We present a case report of a 59-year-old man, who received a blood group identical living unrelated kidney graft. This was his second kidney transplantation. Pretransplant T-cell crossmatch resulted negative. B-cell crossmatch, which is not considered a strict contraindication for transplantation, resulted positive. During surgery no abnormalities occurred. Four hours after the transplantation diuresis suddenly decreased. In an immediately performed relaparotomy the transplanted kidney showed signs of hyperacute rejection and had to be removed. Pathological examination was consistent with hyperacute rejection. Depositions of IgM or IgG antibodies were not present in pathologic evaluation of the rejected kidney, suggesting that no irregular endothelial specific antibodies had been involved in the rejection. We recommend examining more closely recipients of second allografts, considering not only a positive T-cell crossmatch but also a positive B-cell crossmatch as exclusion criteria for transplantation.

1. Introduction

Hyperacute rejection is a rare event in kidney transplantation. It is mediated by preformed antibodies that can usually be excluded by a pretransplant CDC crossmatch. Origin of the circulating cytotoxic IgG HLA antibodies is most commonly a previous failed graft, blood transfusions, or pregnancy. Crossmatches are performed with unseparated cells, T-cells, or B-cells. A positive crossmatch with unseparated cells or T-cells alone is always a contraindication for transplantation, whereas the significance of a positive B-cell crossmatch remains unclear. However, there is growing evidence that there may exist hyperacute rejections mediated by endothelial, non-HLA antibodies that cannot be detected in standard T and B lymphocyte crossmatch techniques.

2. Case Report

2.1. Recipient

A 59-year-old male with end-stage renal disease due to nephrosclerosis was evaluated for a living unrelated kidney transplantation. A first kidney transplantation had been performed in 1993 (HLA of the first donor Table 1) and the kidney had functioned for 10 years. Graft failure was caused by chronic vascular rejection. The nonfunctioning kidney was removed shortly after its failure and the patient was treated again with hemodialysis. Blood group of the recipient was 0+, HLA type is shown in Table 1, and the most recent PRA level was 34%. The past medical history included hypertension, coronary heart disease, deep venous thrombosis, prolonged reversible ischemic neurologic deficit, and a central venous thrombosis of the right eye. Currently the patient was under anticoagulation with phenprocoumon. Pretransplant evaluation included negative studies for hepatitis B surface antigen, hepatitis B surface antibody, HIV antibody, hepatitis C antibody, CMV IgG, and CMV IgM. Induction and immunosuppression were started before surgery with basiliximab, tacrolimus, mycophenolate-mofetil, and prednisone. The patient received a living unrelated kidney graft from his wife. Pretransplant T lymphocyte crossmatch was negative, whereas the B-cell crossmatch was positive.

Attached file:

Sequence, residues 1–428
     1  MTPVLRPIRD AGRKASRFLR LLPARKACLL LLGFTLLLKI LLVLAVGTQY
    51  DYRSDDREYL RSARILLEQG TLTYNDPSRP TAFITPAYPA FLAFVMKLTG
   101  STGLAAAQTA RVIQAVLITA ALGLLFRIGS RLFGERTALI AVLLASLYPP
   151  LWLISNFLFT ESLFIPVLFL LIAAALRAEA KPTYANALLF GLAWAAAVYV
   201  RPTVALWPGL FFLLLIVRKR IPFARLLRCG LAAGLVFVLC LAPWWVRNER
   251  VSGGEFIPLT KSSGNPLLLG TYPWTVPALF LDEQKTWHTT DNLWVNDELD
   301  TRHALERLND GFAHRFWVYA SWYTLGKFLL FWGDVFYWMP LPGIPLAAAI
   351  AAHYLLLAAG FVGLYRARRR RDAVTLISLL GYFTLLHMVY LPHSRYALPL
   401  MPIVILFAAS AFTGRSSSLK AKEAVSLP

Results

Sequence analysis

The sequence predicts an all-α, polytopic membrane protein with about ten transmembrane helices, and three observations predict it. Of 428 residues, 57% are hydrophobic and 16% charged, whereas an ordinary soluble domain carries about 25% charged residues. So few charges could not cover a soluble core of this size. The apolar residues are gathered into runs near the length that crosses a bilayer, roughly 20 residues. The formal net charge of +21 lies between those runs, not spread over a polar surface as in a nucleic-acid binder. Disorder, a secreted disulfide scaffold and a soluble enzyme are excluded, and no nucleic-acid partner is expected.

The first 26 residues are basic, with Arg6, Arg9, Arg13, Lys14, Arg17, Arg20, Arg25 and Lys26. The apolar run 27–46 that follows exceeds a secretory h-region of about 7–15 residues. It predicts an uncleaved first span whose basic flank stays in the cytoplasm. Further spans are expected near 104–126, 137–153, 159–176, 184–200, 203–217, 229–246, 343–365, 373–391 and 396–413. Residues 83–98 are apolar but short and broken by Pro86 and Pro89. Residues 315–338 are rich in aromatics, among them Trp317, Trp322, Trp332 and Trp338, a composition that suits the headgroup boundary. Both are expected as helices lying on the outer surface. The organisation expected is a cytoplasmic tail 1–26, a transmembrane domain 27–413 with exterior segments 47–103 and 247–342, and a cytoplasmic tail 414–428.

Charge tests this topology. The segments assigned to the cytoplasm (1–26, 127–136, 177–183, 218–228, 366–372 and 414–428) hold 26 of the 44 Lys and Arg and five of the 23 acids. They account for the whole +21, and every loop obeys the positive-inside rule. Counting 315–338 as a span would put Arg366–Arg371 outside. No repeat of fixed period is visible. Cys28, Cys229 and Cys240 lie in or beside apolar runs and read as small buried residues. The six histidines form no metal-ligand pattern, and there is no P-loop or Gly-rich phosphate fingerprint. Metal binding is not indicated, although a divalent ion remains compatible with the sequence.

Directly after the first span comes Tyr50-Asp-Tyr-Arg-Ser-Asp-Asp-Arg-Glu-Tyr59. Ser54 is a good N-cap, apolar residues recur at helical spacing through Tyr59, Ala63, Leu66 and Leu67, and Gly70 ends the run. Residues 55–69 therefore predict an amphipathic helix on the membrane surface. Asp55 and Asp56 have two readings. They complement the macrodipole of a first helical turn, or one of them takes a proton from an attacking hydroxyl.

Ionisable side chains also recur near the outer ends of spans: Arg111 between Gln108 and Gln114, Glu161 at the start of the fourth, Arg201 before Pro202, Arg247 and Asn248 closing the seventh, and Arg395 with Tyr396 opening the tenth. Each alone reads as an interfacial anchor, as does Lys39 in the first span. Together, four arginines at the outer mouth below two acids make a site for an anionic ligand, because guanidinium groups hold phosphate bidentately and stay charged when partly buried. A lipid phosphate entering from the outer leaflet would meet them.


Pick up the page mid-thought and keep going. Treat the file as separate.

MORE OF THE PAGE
2.2. Donor

A 53-year-old nonrelative female, blood type 0+, HLA shown in Table 1. There was no medical history or regular medication. Both kidneys had a normal anatomy with each a single artery and vein (Figure 1). The creatinine clearance calculated by Cockroft and Gault was 80 mL/h. Since the left kidney had a partial function of 47% it was chosen for donation. Nephrectomy was uneventful. Perfusion was performed with HTK-solution and did not present any abnormalities.

2.3. Post-Transplant

After a cold ischemia time of 143 min the transplantation was performed on the left iliac axis with vascular anastomosis between the renal artery and the common iliac artery and renal vein and external iliac vein. Bladder anastomosis was performed in a modified Lich-Gregoir technique. Immediately after restoration of blood flow urine production was observed. The kidney had a normal aspect with a good turgor. The transplantation was uneventful. During the first three hours following the surgery urine production continued with a volume of about 150 mL per hour. Then urine production suddenly decreased. General symptoms did not occur and the patient remained cardiorespiratory stable. An immediately performed duplex scan revealed a normal perfusion of the renal artery and vein, but there were signs of acute renal failure present (Figure 2). Differential diagnostic included acute humoral rejection, acute tubular necrosis, and a thromboembolic event. During relaparotomy the transplanted kidney impressed edematous, flaccid, and cyanotic (Figure 3). It had to be removed and the patient continued with hemodialysis. The postoperatively repeated T- and B-cell crossmatch resulted negative.